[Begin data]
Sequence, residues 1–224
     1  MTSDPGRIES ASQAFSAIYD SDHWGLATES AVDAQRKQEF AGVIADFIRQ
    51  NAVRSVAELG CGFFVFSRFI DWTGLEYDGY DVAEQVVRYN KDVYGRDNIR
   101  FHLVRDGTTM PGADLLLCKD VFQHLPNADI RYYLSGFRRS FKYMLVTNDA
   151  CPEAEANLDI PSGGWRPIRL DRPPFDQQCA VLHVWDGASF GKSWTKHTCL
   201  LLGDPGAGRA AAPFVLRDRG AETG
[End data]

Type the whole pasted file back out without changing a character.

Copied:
Sequence, residues 1–224
     1  MTSDPGRIES ASQAFSAIYD SDHWGLATES AVDAQRKQEF AGVIADFIRQ
    51  NAVRSVAELG CGFFVFSRFI DWTGLEYDGY DVAEQVVRYN KDVYGRDNIR
   101  FHLVRDGTTM PGADLLLCKD VFQHLPNADI RYYLSGFRRS FKYMLVTNDA
   151  CPEAEANLDI PSGGWRPIRL DRPPFDQQCA VLHVWDGASF GKSWTKHTCL
   201  LLGDPGAGRA AAPFVLRDRG AETG